The UK’s life sciences sector is evidently not such an unattractive place to invest in; figures released by government body UK Trade & Investment show that 133 projects stemmed from foreign companies in the year 2006/7, up 37% on the number in 2005/6.
And the picture is similar for the whole of the UK, with a record 1,431 investment projects from overseas marking a 17% jump over the prior year, creating 36,000 new jobs created and safeguarding 41,000.
Around 70,000 people work in the UK’s pharmaceutical industry, a third of these in R&D, and all of the world’s top ten pharmaceutical companies have operations - including substantial R&D and manufacturing muscle - in the country, the report says,
In 2006 alone, GlaxoSmithKline, world number two, injected a further £25 million into its manufacturing plant in Montrose, Scotland, while AstraZeneca, world number three, is shelling out £60 million on expanding its oncology research centre in Cheshire, further demonstrating a strong commitment to the UK as a research and manufacturing base.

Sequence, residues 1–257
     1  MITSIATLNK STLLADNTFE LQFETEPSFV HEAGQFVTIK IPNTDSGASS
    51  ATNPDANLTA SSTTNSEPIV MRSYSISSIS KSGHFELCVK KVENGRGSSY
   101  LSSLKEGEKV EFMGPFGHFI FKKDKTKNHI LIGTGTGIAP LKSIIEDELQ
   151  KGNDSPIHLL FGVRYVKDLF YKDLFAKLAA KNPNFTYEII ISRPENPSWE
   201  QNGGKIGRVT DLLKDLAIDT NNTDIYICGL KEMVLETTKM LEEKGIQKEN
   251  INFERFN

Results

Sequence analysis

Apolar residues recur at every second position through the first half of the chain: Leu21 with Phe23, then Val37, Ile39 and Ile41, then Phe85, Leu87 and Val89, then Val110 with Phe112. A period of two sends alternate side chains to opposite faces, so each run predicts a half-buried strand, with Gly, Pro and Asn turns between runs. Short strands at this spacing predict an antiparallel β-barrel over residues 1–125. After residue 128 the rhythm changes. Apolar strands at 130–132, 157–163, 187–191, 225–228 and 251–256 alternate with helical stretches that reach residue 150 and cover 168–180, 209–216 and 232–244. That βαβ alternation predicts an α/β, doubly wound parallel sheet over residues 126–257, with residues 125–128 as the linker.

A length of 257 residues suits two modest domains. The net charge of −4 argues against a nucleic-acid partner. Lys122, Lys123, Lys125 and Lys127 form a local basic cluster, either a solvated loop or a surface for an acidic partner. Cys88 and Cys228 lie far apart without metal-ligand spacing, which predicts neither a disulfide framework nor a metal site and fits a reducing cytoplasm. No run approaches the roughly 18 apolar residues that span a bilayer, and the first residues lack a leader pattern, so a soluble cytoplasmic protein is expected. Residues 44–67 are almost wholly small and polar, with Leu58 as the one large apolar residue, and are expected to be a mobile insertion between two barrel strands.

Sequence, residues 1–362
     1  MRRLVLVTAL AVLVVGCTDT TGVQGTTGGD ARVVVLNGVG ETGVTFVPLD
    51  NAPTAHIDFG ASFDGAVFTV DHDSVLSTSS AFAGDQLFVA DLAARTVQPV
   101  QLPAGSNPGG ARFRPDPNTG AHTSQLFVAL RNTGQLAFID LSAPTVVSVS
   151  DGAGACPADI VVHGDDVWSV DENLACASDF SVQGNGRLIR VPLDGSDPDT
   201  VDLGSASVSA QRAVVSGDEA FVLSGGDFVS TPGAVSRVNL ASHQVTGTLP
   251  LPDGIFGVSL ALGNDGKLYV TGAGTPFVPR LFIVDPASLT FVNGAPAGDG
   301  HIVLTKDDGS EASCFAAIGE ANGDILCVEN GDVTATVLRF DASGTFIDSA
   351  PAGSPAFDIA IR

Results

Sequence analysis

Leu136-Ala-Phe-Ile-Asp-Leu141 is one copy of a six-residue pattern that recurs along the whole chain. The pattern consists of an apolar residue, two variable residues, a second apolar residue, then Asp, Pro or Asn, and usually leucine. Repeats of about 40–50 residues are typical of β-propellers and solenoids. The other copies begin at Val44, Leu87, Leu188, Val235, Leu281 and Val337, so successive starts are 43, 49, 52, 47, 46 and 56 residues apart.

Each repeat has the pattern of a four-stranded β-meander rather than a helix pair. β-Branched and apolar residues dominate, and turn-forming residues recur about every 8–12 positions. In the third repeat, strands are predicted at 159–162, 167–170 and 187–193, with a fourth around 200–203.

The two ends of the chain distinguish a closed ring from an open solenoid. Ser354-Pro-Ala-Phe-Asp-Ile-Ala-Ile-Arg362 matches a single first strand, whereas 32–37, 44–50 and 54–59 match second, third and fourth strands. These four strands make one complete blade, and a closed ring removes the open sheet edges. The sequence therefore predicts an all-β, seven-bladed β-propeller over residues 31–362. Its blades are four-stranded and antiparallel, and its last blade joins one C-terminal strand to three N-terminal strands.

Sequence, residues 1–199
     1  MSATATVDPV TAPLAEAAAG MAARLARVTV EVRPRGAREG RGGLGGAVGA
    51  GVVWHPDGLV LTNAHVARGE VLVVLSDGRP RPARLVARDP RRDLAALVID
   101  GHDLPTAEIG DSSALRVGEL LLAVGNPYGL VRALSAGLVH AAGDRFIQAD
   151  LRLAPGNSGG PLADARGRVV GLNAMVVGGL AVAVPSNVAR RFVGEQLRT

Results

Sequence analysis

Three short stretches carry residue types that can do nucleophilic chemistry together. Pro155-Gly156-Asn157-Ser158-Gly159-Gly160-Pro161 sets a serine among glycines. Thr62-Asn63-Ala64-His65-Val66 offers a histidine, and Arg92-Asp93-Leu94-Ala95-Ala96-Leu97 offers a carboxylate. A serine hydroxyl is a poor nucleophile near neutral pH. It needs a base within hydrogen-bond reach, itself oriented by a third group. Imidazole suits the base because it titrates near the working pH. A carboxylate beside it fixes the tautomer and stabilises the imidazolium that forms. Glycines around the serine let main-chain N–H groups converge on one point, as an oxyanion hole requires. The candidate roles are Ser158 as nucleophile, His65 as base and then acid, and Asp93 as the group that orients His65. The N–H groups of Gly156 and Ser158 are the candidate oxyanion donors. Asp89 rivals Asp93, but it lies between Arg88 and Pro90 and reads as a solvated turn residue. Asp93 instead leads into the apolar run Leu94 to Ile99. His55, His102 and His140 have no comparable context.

Second to USA
And five of the world’s top 20 medicines were developed in the UK, a significant achievement considering that this is second only to the USA, and more than the rest of Europe combined. Furthermore, UK companies now account for 40% of biotechnology products in the pipeline by European public companies, and some 45% of new biotechnology drugs in late-stage clinical trials in Europe are from the country, the figures show.
Much is being done to keep the UK’s life sciences environment competitive as other regions become more attractive to investors. For example, R&D investment continues to receive favourable tax treatment, with tax credits of 150% for small and medium-sized companies and 125% for larger businesses. And, in the last ten years, the government has more than doubled the funding for basic science to £3.4 billion to keep the UK at the forefront of research and innovation, and has also earmarked £134 million over four years to increase the number of clinical trials conducted via the NHS.